- Africa’s Grand Inga Dam has hit multiple road blocks and development has been slow
- A new DRC president and Chinese funding may see the building of the dam power ahead
The Congo River is home to the Inga Falls with an annual flow rate of about 42 000 cubic metres per second, providing a solution to one of Africa’s biggest problems: the shortage of electricity.
The Grand Inga Dam was meant to contribute to power supply as a hydroelectric dam with an expected generating capacity of 39 000 MW from 52 turbines. This capacity is almost double that of the Three Gorges Dam in China, currently the largest energy-generating dam in the world.
The Grand Inga Dam has the potential to meet the massive shortfall of electricity in Africa. However, construction has been slow and often halted for various reasons, including the withdrawal of funds by the World Bank after disagreements and concern about the Democratic Republic of Congo’s (DRC) ongoing corruption.
Now the project has a renewed energy thanks to a new DRC president and backing from China.
Newly sworn-in President Félix Tshisekedi promised his citizens he would connect at least half of the population to the national grid over the next 10 years. One of his main priorities is Inga III (Inga I and II have already been built).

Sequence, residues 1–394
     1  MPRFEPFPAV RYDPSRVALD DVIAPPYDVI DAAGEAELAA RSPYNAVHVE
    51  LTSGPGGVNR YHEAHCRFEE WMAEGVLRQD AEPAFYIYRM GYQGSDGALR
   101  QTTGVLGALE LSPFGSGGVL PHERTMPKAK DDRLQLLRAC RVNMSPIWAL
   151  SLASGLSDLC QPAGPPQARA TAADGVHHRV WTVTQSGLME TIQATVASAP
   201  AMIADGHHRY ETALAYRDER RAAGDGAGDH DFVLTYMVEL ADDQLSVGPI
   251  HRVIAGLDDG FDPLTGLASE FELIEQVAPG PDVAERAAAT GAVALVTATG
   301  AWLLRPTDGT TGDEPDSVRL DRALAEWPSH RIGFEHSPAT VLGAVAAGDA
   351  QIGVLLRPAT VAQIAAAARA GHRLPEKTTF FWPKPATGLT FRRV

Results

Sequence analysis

The third stage of the Grand Inga Dam is backed financially by a consortia between the DRC, China and Spain. Chinese and Spanish investors have committed to funding $14 billion for technical studies before building and running Inga III. The consortia includes AEE power and China Three Gorges Corporation, which has also committed to attracting lenders for the project and buyers for the electricity.
The Grand Inga Dam relies heavily on China’s financial support, but without crippling the DRC in debt. President Xi Jinping has emphasised that he supports the project and is working to ensure China doesn’t leave poorer nations with unsustainable debt.
Should the dam be successful, it could provide the nation with energy and a means to pay off some of the debt.
The Grand Inga Dam has a long way to go before completion, but there appears to be a new enthusiasm among stakeholders to get going on the project.
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